It's a furry sampler of novel sized works. This size is perfect for people who don't always like short stories because the story's over just as they get to know a character, but also don't wish to invest in story cover to cover. If, somehow, you don't know these writers or their universes, then this is a good place to start learning.
A Left-Handed Sword is a novella by Phil Geusz in which the characters used to be human beings. All of them have contracted a singular disease called the Lokiskur virus (Lokie for short), which has transformed them into animals. Lokie not only leaves its victims dehumanized and physically handicapped in their new forms, but often brain-damaged and depressed. They are also highly contagious; Lokie is an affliction that never lets go.
First off, let me engage in an act of self-disclosure: I recently finished writing Furry Nation, a personal history of the birth and growth of our community and its treatment at the hands of entertainment and news media that will be published in the fall by Cleis Press. I interviewed numerous furs for the book, unknown and well-known, Fred included.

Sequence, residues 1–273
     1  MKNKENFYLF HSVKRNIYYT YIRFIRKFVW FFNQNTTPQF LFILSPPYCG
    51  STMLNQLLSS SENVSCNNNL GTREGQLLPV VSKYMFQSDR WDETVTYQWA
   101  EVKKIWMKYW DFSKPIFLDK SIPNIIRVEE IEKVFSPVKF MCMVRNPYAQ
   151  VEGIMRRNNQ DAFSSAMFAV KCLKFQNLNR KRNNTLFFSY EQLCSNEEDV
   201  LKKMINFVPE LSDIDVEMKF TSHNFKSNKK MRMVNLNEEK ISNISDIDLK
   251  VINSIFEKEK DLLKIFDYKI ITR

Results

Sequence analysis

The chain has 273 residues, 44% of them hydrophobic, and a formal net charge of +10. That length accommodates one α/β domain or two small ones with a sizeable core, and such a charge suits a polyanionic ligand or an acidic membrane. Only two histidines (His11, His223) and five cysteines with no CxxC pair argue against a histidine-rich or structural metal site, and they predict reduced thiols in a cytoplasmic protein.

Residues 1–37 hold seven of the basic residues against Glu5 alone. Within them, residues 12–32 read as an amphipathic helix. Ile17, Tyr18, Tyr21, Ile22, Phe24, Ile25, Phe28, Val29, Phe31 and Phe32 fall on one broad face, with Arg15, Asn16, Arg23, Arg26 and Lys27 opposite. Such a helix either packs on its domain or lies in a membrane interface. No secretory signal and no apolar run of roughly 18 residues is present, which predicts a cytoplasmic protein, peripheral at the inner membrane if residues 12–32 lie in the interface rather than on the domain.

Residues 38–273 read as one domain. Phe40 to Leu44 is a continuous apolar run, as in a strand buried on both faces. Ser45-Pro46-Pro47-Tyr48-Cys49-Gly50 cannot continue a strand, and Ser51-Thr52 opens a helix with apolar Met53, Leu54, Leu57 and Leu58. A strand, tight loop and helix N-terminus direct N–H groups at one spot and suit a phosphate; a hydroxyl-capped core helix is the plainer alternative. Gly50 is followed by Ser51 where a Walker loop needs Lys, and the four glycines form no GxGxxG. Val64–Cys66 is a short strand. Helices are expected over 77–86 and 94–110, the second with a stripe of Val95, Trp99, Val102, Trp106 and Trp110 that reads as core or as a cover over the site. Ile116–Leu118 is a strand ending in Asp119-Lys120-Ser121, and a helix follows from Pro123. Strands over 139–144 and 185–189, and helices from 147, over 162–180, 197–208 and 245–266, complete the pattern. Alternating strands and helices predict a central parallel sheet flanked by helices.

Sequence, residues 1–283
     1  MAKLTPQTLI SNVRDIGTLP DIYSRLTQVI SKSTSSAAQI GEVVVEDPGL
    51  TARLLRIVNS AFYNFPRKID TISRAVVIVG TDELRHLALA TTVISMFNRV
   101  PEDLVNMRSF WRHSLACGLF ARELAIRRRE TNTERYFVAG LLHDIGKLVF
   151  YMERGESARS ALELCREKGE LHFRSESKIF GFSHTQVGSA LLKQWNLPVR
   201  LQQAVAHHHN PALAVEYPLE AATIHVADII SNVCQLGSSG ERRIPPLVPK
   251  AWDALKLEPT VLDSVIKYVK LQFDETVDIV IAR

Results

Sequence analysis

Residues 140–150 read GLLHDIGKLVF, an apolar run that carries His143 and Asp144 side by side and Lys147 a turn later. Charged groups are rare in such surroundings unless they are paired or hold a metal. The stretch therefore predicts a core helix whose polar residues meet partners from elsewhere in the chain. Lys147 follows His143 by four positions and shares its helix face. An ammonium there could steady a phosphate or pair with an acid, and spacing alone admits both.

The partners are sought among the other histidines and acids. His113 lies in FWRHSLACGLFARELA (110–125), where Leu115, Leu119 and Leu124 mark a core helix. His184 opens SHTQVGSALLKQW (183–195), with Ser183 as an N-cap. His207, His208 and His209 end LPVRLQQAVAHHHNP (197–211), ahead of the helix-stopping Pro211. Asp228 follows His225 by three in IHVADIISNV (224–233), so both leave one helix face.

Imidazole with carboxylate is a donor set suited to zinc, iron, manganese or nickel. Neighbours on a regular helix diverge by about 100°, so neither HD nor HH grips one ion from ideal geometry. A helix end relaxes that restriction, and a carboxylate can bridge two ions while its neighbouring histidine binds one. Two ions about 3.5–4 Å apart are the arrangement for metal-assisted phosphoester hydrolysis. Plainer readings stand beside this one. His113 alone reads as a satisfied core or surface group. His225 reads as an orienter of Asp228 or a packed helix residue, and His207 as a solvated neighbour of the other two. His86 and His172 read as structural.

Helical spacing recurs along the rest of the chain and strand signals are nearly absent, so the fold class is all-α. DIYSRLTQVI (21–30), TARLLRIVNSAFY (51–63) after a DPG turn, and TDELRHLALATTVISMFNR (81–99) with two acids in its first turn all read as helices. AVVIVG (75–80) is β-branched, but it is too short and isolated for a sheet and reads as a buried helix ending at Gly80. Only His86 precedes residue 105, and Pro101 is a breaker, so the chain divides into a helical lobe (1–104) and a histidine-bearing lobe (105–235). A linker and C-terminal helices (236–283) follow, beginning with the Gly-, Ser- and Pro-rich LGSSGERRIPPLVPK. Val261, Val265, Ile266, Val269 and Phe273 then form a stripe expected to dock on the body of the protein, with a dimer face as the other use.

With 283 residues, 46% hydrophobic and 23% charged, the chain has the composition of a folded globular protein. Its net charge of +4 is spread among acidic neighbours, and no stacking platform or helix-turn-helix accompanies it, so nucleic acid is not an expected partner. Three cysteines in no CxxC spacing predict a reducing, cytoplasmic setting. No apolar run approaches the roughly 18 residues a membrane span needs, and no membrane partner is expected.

I found myself concerned it would be a conflict of interest for me to opine on Fred’s work, with the temptation to belittle it in comparison to my own. However I was happy to find Fred’s book unique in its own right. It is a work of scholarship I could never hope to duplicate. In fact, I wish it had been published a year or two earlier; it would have been an immense help to me in writing about furry conventions worldwide, a topic not covered in great detail in my own non-fiction work.
Furry conventions from A to Z